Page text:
On its official website, the Canadian government informs its citizens that “there is no limit to the amount of money that you may legally take into or out of the United States.” Nonetheless, it adds, banking in the U.S. can be difficult for non-residents, so Canadians shouldn’t carry large amounts of cash.

That last bit is excellent advice, but for an entirely different reason than the one Ottawa cites.

There’s a shakedown going on in the U.S., and the perps are in uniform.

Across America, law enforcement officers — from federal agents to state troopers right down to sheriffs in one-street backwaters — are operating a vast, co-ordinated scheme to grab as much of the public’s cash as they can; “hand over fist,” to use the words of one police trainer.


Roadside seizure

It usually starts on the road somewhere. An officer pulls you over for some minor infraction — changing lanes without proper signalling, following the car ahead too closely, straddling lanes. The offence is irrelevant.

Then the police officer wants to chat, asking questions about where you’re going, or where you came from, and why. He’ll peer into your car, then perhaps ask permission to search it, citing the need for vigilance against terrorist weaponry or drugs.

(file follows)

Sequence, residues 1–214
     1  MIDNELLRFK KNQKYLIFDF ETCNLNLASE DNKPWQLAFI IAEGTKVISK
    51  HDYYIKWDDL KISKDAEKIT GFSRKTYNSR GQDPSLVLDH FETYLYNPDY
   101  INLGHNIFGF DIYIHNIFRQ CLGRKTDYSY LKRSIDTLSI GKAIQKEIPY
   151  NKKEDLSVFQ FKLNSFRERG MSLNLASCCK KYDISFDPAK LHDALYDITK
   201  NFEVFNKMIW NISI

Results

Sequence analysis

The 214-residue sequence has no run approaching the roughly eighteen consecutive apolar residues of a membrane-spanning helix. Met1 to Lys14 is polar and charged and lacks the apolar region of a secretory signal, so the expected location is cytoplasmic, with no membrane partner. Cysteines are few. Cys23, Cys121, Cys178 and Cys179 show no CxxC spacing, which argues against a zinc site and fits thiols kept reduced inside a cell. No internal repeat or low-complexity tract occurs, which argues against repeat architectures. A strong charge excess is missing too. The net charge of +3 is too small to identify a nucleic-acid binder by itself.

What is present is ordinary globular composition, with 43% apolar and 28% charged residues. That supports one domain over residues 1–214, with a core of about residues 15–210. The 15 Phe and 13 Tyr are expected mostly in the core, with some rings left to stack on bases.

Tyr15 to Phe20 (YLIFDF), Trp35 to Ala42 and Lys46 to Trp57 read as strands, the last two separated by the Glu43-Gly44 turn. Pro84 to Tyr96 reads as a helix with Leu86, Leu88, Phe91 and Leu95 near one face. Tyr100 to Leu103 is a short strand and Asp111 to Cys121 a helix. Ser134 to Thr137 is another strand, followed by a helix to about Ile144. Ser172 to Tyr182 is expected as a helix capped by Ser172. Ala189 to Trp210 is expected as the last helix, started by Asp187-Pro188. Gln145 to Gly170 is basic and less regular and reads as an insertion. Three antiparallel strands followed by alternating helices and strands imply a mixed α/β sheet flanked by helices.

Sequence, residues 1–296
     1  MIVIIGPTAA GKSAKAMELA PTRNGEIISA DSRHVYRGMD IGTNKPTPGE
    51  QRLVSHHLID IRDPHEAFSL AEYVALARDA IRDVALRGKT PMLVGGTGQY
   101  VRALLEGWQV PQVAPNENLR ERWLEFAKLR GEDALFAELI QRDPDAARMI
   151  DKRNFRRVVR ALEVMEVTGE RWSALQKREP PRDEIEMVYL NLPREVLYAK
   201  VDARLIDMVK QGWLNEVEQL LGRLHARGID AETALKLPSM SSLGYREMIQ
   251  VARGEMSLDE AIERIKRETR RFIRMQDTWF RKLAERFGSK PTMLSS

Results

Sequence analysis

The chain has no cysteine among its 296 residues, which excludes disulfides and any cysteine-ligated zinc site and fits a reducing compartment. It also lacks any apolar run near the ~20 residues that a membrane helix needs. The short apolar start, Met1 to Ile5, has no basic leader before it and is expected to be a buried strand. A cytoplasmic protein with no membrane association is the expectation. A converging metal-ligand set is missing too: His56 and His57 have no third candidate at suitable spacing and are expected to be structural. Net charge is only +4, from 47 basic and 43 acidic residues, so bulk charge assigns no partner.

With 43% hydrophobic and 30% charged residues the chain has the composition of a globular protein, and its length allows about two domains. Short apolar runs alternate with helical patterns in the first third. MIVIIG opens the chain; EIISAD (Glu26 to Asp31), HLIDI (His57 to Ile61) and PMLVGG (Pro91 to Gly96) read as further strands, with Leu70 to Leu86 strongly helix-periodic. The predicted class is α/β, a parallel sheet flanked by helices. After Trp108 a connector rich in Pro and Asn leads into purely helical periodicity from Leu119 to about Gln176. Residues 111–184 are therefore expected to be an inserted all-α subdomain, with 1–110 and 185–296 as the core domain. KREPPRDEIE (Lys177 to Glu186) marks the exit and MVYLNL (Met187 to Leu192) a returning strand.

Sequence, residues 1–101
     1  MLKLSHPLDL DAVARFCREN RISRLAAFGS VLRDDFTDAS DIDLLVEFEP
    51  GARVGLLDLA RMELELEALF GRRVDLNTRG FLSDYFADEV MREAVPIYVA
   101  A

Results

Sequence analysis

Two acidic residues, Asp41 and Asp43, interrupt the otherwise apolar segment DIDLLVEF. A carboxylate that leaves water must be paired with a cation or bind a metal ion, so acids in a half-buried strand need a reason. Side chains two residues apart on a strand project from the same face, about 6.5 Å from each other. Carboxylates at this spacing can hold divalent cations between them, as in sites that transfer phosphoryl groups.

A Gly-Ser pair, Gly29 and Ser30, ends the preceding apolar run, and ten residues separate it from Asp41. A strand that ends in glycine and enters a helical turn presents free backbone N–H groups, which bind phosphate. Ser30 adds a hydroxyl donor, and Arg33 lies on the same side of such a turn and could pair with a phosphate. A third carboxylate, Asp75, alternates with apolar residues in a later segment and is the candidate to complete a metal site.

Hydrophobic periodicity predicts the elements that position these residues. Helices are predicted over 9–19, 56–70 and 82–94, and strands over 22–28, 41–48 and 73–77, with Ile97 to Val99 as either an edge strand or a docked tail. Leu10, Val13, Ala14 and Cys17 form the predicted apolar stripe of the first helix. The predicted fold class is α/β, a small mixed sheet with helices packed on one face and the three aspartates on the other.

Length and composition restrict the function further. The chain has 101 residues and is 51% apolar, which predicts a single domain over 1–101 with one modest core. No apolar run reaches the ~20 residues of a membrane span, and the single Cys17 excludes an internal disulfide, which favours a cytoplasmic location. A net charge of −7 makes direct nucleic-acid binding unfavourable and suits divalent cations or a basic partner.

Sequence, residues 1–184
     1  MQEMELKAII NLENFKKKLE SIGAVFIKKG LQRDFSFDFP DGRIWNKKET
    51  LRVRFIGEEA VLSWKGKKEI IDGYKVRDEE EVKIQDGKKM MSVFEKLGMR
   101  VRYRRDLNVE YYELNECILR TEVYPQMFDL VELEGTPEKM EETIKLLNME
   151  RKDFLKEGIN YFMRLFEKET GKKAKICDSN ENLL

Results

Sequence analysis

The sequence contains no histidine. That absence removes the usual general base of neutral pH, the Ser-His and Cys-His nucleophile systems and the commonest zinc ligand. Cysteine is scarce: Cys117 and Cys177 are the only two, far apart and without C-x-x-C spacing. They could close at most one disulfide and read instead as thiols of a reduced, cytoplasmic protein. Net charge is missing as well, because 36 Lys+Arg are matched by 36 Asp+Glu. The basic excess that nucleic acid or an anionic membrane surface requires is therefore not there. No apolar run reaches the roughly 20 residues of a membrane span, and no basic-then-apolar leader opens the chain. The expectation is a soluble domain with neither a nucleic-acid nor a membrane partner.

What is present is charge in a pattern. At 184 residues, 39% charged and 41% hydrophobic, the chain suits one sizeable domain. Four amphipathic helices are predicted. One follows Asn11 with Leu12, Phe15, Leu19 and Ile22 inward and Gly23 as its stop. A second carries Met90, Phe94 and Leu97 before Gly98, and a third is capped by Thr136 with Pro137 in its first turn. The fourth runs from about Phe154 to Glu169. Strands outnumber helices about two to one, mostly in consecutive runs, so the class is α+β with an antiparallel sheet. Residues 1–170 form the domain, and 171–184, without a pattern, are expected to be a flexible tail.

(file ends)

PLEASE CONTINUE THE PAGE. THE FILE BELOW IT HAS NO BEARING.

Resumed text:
What he’s really looking for, though, is money.

And if you were foolish (or intimidated) enough to have consented to the search, and you’re carrying any significant amount of cash, you are now likely to lose it.

The officer will probably produce a waiver, saying that if you just sign over the money then the whole matter will just disappear, and you’ll be able to go on your way.

Refuse to sign it, and he may take the cash anyway, proclaiming it the probable proceeds of drugs or some other crime.

Either way, you almost certainly won’t be charged with anything; the objective is to take your money, not burden the system.

You’ll have the right to seek its return in court, but of course that will mean big lawyer’s fees, and legally documenting exactly where the money came from. You will need to prove you are not a drug dealer or a terrorist.

It might take a year or two. And several trips back to the jurisdiction where you were pulled over. Sorry.

In places like Tijuana, police don’t make any pretense about this sort of thing. Here in the U.S., though, it’s dressed up in terms like “interdiction and forfeiture,” or “the equitable sharing program.”

Authorities claim it’s legal, but some prosecutors and judges have called it what it is: abuse.

In any case, it’s a nasty American reality.


Powers and justifications

Seizing suspected drug money has been legal here for decades, but after 9/11 police acquired a whole new set of powers and justifications. And they set about using them for profit.